Entries in Blast from the Past (8)


Stranger than Fiction Redux

I posted the following a few years back, but I think it bears repeating:
While cleaning up my genealogy files last night, I was struck by a number of...interesting names on my family tree. When I write, naming my characters takes a lot of time and thought. I want the names to be distinctive, so that the reader can keep everyone clear in his/her head, but I don't want them to be so distracting that they pull the reader out of the story.
But I'd have to be writing something in the John Irving/Richard Brautigan vein in order to pull off anything close to the names of some of my august forbears. I've put some of the weirdest into loose categories below for your enjoyment.


From the British Isles (yes, they certainly do sound like spammers' pseudonyms):
Gotham Howe
Gillachomhghaill O'Toole
Onesiphorus Tileston
Mabilia Talesmache
Benedicta Shelving
Gwair ap Pill
Rollo Bigod
Theopharcia Baliol
John MacHell


Scandinavia (Tolkien didn't work in a vacuum):
Frosti Karasson
Eyfuru Svaflamasdatter
Gandalf Alfgeirsson
Frodi Frodasson


The American Frontier:
Catherine Vandeventer-Turnipseed
Josnorum Scoenonti Running Deer
Polly Pickle
Thomasine Lumpkin


Elsewhere in Europe:
Burkhard von Schweinfurt
Gundreda Monasteriis
Aubrey de Mello
Adam Moomaw
Hienrich von Krickenbeck


Finally, Those Wacky Puritans:
Constantia Coffin
Thankful Sprout
Deliverance Nutting
Wealthy Blood
Including my personal favorite:
Preserved Fish
Poor Preserved. I presume that his name was shorthand for "Preserved by the hand of the Lord." Maybe Mrs. Fish almost died in childbed, or something like that. Her maiden name was Grizzel Strange, by the way, so you'd think that she'd be sensitive on the naming issue. Or perhaps her name and that of her son's didn't sound odd at all to 17th-century ears.


Oh, well; I guess when it comes right down to it, it's a heck of a lot easier researching folks like Preserved than yet another John Carter or Mary White. And it certainly keeps me smiling.


The Princess and the Diplomat


A long time ago, someone asked me if I'd ever Googled myself. I hadn't, but immediately tried it. Imagine my surprise to encounter another Luisa Perkins among the results.

Well, her name wasn't exactly the same as mine; it was Maria Luisa Perkins y de Pablo, and she was listed on a site that records the genealogies of European royalty. I had to know more.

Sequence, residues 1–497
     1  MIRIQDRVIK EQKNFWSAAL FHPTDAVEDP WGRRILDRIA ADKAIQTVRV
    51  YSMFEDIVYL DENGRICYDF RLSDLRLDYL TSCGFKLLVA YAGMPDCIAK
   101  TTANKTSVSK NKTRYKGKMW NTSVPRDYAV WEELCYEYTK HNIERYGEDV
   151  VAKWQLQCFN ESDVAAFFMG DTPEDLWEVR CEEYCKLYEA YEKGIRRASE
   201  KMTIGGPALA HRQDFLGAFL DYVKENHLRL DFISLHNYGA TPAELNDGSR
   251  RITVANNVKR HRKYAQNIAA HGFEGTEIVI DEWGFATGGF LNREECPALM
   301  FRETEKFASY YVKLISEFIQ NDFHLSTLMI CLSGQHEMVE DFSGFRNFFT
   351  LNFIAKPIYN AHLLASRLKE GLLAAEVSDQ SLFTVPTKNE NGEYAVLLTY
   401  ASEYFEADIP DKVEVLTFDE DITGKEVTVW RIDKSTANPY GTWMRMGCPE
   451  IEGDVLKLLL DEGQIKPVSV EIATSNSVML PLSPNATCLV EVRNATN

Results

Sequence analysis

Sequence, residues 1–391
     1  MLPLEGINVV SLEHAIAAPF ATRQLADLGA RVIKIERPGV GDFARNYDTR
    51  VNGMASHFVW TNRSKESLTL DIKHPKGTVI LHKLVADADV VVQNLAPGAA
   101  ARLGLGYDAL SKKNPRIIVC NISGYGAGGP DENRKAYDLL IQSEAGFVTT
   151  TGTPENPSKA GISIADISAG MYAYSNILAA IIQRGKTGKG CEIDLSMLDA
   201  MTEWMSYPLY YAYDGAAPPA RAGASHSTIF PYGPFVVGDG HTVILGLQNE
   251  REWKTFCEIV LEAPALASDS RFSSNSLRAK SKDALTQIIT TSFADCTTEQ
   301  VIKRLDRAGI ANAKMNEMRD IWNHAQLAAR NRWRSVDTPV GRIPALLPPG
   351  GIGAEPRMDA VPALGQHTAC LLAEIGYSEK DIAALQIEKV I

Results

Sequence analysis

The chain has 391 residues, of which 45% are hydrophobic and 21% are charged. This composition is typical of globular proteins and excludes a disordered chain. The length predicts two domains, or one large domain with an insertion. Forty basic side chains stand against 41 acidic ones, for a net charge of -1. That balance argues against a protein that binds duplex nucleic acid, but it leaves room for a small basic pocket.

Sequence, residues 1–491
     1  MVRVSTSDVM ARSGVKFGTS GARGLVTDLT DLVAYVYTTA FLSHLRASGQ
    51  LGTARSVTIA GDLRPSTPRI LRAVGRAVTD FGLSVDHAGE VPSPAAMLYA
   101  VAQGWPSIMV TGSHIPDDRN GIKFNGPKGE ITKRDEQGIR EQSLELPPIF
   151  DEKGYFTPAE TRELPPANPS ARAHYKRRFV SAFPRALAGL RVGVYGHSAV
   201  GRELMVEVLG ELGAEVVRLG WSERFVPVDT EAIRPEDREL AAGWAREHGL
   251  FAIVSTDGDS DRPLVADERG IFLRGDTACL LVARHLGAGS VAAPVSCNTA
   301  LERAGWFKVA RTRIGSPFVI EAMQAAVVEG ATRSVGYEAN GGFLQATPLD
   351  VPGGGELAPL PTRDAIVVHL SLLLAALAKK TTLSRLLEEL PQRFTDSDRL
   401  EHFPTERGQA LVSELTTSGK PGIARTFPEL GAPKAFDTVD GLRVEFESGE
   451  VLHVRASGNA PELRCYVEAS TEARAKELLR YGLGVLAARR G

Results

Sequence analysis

I followed Maria Luisa's family tree back a couple of generations, and discovered that her grandfather was Charles Allen Perkins (a distant cousin of my husband's), born in Salisbury, Connecticut in 1840 to Jehiel Perkins and Alethia Northrop--and that Maria Luisa's grandmother was Maria Francisca Isabel Gurowska y de Bourbon.

How had a boy from Litchfield County ended up marrying the granddaughter of King Charles IV of Spain

It turns out that Charles grew up in privileged circumstances. He went to school in Paris and later worked in a Parisian bank. After coming back to the States, he worked for a time for the New York Stock Exchange. After that, he was appointed to consulates in Sweden and in Spain, and was finally promoted to the position of private secretary to Colonel Charles Hance Lewis, the U.S. Minister to Portugal.

The Spanish government was in upheaval at the time, so the Spanish royal family lived in exile all over Europe. Though she had been born in Paris, Isabel and her family lived for most of her life with royal relatives in Portugal. It was in Lisbon that Charles met Isabel, and they fell in love. They had to get special dispensation from the Pope to get married, and did so in 1870 in the French Roman Catholic Church of St. Louis. (Curiously, they were also married aboard the American ship Franklin by the ship's captain, Oliver Glisson. I'm not sure of the reason for the double ceremony.)

(Isabel's parents, Count Ignace Gurowski of Poland and Isabel de Bourbon, were apparently sympathetic to the marriage, since they had themselves eloped. And good for them. There was way too much inbreeding going on otherwise. First cousins and half-uncles marrying one another for generations...it was probably time to get some fresh stock in the gene pool.)

Charles and Isabel had two children, Alfonso and Carlos, both born in Paris in the 1870s. All seemed to be going well--until Charles backed the wrong pretender, Don Carlos, to the Spanish throne. Don Carlos's rival, Alfonso, was crowned king in 1874, and after that, disgrace seemed to follow Charles Perkins. 

Somehow, Charles and Isabel's marriage broke up, and Isabel remarried in 1886. Charles returned to America and settled in Syracuse, New York. He made his living as a Professor of Languages at Syracuse University and maintained a lifelong correspondence with his aunt-in-law, ex-Queen Isabella. Charles died in 1890; Isabel died in 1935. For a long time, Charles was the only American to have married into a European royal family. (Of course, Grace Kelly followed suit 80 years later.)